- The watchdog group's "gray list" is not as severe as its "black list," which currently includes North Korea and Iran.
- The UAE is the financial hub of the Middle East, home to numerous international companies' headquarters.
DUBAI, United Arab Emirates — The Financial Action Task Force, an intergovernmental organization dedicated to combating money laundering and illicit cash flows, is set to put the United Arab Emirates on its "gray list" over concerns that the Gulf country isn't sufficiently stemming illegal financial activities.
The news was first reported by Bloomberg Thursday, citing three anonymous sources at the Paris-based FATF. The designation could come as soon as Friday.
The watchdog group's "gray list" is not as severe as its "black list," which currently includes North Korea and Iran. The former list means that the country is "actively working" with the FATF to deal with weaknesses in its systems to "counter money laundering, terrorist financing, and proliferation financing," but is under "increased monitoring" as it has not yet taken the necessary steps to fully tackle the problems. Other countries on the gray list include Pakistan, Turkey and Albania.
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Commenting on the country's efforts to fight financial crime, the UAE's Executive Office of Anti-Money Laundering and Countering the Financing of Terrorism said Friday: "The UAE takes its role in protecting the integrity of the global financial system extremely seriously and will work closely with the FATF to quickly remedy the areas of improvement identified. On this basis, the UAE will continue its ongoing efforts to identify, disrupt and punish criminals and illicit financial networks in line with FATF's findings and the UAE's National Action Plan, as well as through close coordination with our international partners."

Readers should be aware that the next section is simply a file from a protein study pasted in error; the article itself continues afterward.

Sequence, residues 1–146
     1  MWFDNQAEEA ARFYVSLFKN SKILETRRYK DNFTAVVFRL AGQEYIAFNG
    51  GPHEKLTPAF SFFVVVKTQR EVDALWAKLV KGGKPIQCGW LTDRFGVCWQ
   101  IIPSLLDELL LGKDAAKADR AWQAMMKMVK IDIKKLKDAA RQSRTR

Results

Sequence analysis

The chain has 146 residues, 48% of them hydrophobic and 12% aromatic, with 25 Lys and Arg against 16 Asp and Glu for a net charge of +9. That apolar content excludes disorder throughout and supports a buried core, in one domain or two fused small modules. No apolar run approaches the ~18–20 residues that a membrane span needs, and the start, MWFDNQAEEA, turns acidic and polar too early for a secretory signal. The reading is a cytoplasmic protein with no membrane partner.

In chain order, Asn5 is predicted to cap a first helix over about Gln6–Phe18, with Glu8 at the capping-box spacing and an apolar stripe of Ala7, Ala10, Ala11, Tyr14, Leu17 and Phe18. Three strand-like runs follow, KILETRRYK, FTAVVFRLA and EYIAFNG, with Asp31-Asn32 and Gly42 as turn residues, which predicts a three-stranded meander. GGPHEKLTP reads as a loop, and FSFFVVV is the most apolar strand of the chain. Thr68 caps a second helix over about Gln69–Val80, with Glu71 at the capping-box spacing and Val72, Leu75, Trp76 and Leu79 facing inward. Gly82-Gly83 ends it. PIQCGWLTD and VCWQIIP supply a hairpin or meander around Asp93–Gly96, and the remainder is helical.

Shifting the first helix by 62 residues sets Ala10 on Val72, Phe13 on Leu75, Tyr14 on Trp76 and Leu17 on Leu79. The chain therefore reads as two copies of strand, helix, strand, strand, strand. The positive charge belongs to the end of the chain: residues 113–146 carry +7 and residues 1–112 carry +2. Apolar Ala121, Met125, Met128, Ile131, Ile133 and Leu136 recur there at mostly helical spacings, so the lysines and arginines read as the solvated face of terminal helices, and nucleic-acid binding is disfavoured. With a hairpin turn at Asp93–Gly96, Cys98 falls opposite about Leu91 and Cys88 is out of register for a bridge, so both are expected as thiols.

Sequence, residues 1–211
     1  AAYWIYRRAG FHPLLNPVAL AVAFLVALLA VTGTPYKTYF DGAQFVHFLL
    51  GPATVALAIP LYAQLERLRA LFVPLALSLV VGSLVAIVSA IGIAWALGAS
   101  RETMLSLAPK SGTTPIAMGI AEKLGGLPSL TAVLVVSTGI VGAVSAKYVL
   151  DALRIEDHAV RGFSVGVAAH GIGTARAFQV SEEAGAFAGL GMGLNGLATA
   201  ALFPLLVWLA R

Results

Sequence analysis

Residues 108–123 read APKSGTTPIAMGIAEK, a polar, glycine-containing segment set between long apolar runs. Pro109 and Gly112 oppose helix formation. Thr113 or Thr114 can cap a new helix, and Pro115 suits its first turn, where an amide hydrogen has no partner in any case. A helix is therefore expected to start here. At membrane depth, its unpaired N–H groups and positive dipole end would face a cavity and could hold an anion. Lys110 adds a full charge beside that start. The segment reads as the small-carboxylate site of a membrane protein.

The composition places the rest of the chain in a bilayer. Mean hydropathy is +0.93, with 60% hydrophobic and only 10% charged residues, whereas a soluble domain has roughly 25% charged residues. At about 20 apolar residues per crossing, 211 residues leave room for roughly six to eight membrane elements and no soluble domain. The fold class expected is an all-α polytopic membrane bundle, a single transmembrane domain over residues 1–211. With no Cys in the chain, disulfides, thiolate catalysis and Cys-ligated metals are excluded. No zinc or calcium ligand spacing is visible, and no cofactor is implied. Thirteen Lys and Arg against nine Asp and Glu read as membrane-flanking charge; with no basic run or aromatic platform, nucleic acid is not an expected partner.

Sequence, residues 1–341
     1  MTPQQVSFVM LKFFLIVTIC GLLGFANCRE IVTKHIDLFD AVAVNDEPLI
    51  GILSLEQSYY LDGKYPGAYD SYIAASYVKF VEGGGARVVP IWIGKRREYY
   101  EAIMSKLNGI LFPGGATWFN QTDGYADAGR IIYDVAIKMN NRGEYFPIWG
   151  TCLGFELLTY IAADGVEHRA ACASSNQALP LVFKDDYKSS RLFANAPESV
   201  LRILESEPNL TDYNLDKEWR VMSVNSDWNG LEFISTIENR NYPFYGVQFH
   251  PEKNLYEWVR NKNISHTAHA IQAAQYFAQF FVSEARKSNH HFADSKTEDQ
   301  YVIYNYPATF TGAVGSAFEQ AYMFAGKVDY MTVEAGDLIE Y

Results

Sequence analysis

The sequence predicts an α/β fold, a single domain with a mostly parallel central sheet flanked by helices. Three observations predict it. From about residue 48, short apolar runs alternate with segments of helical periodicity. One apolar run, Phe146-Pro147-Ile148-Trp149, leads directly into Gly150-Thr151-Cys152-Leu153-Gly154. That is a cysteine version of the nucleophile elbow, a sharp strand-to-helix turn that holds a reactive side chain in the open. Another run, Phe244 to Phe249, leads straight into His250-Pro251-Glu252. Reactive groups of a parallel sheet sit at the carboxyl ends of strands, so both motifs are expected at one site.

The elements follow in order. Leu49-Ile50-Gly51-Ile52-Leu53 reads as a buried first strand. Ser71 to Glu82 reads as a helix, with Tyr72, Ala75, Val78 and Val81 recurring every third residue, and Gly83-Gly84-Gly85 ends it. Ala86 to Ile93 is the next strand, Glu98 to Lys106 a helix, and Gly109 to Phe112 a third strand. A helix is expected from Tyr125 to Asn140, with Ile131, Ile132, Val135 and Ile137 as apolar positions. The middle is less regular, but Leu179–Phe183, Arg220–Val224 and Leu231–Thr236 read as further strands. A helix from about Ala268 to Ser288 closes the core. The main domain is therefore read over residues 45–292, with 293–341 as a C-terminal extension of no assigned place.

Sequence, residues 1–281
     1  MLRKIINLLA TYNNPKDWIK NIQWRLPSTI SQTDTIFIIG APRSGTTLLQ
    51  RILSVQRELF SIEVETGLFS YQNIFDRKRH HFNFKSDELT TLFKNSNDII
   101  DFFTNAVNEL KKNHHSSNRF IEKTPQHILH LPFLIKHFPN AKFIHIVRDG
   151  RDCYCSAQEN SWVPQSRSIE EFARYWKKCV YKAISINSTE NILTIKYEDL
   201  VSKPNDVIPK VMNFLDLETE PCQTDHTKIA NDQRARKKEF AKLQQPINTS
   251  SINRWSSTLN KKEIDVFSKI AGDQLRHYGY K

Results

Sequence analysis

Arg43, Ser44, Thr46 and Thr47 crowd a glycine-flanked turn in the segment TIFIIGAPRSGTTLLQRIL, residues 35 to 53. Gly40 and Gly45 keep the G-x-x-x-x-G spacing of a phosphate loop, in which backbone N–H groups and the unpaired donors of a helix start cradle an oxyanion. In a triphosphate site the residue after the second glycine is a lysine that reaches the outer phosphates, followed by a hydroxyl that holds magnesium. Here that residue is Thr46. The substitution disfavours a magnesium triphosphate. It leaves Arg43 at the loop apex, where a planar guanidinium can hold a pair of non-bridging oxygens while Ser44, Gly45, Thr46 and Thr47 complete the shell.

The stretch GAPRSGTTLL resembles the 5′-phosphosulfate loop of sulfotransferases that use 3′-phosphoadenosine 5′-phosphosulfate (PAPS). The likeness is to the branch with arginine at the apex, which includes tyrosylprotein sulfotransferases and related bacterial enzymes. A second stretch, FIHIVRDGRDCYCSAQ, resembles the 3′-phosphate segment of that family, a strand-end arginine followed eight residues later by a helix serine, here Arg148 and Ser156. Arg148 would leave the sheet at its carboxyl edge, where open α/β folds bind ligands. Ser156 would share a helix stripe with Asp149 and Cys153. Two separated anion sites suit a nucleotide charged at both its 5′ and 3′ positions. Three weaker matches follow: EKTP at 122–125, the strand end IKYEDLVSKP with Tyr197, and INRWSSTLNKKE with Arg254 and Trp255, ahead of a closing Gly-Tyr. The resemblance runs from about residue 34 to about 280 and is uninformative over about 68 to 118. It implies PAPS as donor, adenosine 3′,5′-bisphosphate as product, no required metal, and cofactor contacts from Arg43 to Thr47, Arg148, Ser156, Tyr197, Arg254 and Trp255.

The UAE is the financial hub of the Middle East, home to numerous international companies' headquarters, one of the world's busiest airports, and a roughly 90% expat population. Putting it on the gray list could be one of the most significant decisions the FATF has ever made, Bloomberg wrote.
Read the full report here.